As we’ve discussed at length, the longer it takes the U.S. Government’s Office of Foreign Asset Control (OFAC) to unblock 19-year-old Cuban prospect Yoan Moncada, the better the Chicago Cubs’ chances of signing him. At present, the Cubs cannot sign him unless he agrees to wait – or is blocked – until July 2.
With Moncada establishing residency out of Cuba last year, and reaching the United States already – he’s staying in Miami and holding private workouts for interested teams – no one expected his unblocking process to last past January, much less several months after that.
But, then, no one was really expecting the curveball the President threw in December, allowing for the imminent possibility of resumed diplomatic and economic relations between the U.S. and Cuba. At the time, we knew there would be an impact on future Cuban players coming to the States, but no one was quite ready to say precisely what it would be, or what the future would look like. Further, we wondered openly if there would be an impact on Moncada, specifically, who had apparently been permitted to leave Cuba, rather than having to defect. Was that because Cuba knew the thawing of relations was coming, and thus the unblocking should come quickly? Or was it simply because Cuba wanted to be cut in on the huge expected price tag for the young shortstop? If the latter, will the impending change in relations affect how the U.S. Government would otherwise view a U.S. company doing business with a Cuban individual who will then be paying some of that money to Cuba, directly?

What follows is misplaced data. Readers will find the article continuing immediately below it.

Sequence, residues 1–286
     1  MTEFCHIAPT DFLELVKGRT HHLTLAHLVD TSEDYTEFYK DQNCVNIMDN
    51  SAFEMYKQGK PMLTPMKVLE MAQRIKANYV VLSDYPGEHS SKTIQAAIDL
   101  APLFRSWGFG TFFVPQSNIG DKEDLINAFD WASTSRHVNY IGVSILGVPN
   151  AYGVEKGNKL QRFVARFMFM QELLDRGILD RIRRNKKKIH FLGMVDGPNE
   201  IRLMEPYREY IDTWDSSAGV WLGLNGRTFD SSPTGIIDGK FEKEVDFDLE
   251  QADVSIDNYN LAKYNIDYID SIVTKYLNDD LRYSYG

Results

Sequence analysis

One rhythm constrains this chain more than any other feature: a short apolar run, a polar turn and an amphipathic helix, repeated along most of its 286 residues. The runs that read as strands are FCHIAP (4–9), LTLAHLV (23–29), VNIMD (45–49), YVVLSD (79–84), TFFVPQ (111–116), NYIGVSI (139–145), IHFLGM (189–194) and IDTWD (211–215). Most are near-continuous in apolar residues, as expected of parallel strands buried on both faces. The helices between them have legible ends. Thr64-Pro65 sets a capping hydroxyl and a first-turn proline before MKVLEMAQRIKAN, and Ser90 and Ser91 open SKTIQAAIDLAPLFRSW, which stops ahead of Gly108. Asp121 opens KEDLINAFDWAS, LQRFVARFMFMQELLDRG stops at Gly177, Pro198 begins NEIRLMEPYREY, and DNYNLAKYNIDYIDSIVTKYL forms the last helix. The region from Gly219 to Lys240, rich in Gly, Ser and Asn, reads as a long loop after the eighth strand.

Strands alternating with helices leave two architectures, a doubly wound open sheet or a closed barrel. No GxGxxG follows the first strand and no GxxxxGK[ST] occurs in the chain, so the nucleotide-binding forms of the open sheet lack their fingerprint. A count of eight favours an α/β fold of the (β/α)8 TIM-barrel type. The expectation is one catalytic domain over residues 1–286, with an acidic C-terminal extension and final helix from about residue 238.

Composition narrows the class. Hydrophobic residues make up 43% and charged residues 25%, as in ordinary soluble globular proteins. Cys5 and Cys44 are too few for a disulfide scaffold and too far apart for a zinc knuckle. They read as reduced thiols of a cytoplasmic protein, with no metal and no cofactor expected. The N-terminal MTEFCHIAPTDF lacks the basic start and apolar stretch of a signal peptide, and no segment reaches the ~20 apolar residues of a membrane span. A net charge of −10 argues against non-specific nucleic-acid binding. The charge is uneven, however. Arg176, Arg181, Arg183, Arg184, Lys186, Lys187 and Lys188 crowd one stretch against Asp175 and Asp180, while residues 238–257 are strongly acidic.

We’ve still got more questions than answers, but FanGraphs’ Kiley McDaniel has the latest update on Moncada and these issues, and he specifically suggests that the change in foreign policy has had a direct impact on the unblocking process for Moncada. It’s possible that, if Moncada really does have some kind of arrangement with the Cuban government (no one knows that for sure, mind you), the U.S. wants to take its time before allowing Moncada to sign with an MLB team, not wanting to set precedent under this new relationship until they’re sure they’ve got it right. Previously, a primary reason for the OFAC process was to ensure that money wasn’t being funneled to an entity with whom the U.S. does not want money going. So, it’s also possible that the impending relationship change isn’t driving the delay at all – it could simply be that OFAC is really taking its time given the unique non-defection process Moncada went through to reach the States.
We’ll see if this continues to drag on (*crosses fingers*). In the interim, Moncada continues to work out for teams – he’s worked out for the Dodgers, Brewers, Rangers, Giants, Yankees, Red Sox, and Padres, per Jesse Sanchez – and the Cubs may also work him out eventually.